Elko news … Napoleon Bone-in-his-Heart was arrested on Friday by a squad of cant hook twisters and tried before a lumber jack court, charged with refusing to get full when he had the chance. He was sentenced to a soda water bath with muslin trimmings, and he looked like a cherub all but the wings, when he came out with a hump on his back that would make a camel look like a clothes line, and his teeth rattled like bones at a coon show. He made a bee line for the C. P. R. trail and started west.
At Moyie … Moyie Lake is now about half covered with a soft, slushy ice. The weather is so mild that there may not be solid ice for several days yet, aside from in the bays. The lake last year froze over on December 27th, and at this time the ice was several inches in thickness.
Windermere news … Mr. Neilson in crossing the lake last Saturday on his way home from Wilmer had the misfortune to lose a valuable team and outfit. They broke through the ice and team and sleigh immediately went to the bottom. Much sympathy is felt for Mr. Neilson in his loss. Nothing daunted by Mr. Neilson’s unfortunate experience, our worthy provincial constable still travels over the lake daily. He was the first to travel over it this year and everyone knows that he is not a quitter at the risk of getting a view of the bottom of the lake. Still his many friends feel somewhat nervous at times for his safety but even that will not deter him.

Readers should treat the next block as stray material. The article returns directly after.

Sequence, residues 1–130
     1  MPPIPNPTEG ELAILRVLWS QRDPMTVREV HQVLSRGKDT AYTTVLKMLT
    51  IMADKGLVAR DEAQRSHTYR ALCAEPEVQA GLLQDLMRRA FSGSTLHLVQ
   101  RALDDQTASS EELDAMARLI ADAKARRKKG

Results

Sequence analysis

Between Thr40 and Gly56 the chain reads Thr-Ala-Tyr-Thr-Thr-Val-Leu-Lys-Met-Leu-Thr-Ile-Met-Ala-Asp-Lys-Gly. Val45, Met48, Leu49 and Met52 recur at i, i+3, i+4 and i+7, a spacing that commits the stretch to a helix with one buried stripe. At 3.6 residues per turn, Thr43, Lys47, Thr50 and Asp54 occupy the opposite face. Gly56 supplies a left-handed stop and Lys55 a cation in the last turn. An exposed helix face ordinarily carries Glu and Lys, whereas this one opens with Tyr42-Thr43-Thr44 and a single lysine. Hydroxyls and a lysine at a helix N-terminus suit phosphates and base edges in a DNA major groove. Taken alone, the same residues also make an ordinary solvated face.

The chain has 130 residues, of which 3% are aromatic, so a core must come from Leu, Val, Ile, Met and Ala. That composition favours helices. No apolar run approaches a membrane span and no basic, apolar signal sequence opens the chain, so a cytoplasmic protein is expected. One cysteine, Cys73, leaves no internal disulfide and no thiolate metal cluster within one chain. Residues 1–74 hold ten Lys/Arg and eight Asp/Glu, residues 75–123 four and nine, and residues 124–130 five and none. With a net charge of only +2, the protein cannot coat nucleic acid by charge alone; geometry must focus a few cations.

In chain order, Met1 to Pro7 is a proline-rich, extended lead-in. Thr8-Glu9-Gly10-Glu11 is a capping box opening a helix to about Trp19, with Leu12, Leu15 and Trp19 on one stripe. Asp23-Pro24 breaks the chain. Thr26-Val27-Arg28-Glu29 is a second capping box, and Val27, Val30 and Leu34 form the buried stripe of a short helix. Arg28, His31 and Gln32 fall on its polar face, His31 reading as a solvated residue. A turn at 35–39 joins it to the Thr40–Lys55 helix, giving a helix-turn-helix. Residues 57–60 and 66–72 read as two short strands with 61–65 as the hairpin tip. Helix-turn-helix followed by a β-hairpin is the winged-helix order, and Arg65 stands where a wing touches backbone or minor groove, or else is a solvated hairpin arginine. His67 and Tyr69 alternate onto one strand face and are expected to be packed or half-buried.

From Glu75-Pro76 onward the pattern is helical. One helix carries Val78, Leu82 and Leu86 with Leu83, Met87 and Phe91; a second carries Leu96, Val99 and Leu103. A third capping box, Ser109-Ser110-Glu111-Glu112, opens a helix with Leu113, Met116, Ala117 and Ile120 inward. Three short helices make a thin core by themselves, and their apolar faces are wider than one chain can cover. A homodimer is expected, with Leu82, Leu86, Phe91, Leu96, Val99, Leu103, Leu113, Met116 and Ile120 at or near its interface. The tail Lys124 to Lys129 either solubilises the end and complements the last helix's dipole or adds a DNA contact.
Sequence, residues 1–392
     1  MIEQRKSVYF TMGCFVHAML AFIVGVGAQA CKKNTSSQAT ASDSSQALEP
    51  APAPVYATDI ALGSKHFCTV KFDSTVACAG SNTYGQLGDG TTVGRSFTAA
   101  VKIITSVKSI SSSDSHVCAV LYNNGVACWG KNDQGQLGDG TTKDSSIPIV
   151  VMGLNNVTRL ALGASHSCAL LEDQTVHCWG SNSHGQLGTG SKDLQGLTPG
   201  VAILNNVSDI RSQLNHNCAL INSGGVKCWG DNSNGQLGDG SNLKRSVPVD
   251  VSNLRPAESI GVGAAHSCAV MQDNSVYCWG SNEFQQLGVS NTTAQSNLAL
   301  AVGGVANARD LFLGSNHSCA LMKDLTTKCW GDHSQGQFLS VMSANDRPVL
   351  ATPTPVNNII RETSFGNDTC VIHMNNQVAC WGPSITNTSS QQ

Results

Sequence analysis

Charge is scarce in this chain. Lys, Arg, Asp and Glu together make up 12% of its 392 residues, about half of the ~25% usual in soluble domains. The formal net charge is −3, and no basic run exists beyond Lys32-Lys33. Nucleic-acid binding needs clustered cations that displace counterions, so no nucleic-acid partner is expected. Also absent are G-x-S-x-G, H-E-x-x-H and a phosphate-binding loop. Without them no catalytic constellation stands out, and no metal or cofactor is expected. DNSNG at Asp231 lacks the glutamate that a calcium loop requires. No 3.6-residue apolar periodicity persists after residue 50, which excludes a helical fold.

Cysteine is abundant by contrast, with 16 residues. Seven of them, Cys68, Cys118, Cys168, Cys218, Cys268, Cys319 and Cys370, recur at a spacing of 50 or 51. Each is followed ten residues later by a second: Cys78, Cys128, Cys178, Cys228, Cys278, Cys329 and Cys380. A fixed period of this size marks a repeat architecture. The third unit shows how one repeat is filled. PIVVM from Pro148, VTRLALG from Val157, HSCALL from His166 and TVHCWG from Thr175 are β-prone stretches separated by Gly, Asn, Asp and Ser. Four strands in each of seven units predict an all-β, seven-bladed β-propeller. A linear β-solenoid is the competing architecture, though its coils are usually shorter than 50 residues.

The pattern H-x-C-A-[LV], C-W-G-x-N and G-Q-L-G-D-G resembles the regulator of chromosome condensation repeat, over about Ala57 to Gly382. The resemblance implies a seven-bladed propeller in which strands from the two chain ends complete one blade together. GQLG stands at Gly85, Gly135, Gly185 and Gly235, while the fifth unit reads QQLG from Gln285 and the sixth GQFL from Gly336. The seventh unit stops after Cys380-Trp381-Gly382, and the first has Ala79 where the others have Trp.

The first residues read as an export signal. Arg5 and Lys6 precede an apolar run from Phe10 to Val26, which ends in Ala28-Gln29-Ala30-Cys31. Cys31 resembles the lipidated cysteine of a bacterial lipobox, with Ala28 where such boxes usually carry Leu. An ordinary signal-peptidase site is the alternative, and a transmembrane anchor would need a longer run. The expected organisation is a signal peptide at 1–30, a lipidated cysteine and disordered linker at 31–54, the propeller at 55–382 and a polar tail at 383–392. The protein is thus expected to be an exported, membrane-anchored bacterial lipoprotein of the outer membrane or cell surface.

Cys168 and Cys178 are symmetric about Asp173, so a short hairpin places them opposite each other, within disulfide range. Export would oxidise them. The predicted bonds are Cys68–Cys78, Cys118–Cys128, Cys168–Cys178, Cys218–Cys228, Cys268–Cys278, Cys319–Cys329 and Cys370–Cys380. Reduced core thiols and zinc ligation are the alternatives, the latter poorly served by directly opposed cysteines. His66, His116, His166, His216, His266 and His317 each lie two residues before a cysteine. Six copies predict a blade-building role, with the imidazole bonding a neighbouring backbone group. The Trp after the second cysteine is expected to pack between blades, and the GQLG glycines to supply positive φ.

Ouch! … The friends of Mr. Downie, photographer, will be very sorry to hear of his accident. While attempting to take a flashlight picture of a dancing party in the mill hall on Friday evening last, by some slight mistake he burned his hand very severely. All possible aid was at once given to relieve his suffering during the night, and Mr. Downie then came to Cranbrook on Saturday morning for medical aid.
This is the future … The Cranbrook hotel is always up-to-date. The latest addition that has been made for the comfort and convenience of the guests is a sound proof telephone booth, with an automatic telephone. The booth is in the writing room and all one has to do is to place the necessary amount of coin in the slot and one can speak with Fernie, Moyie or any other place in the district and owing to the sound proof qualities of the booth no one can hear the conversation except the party for whom the message is intended.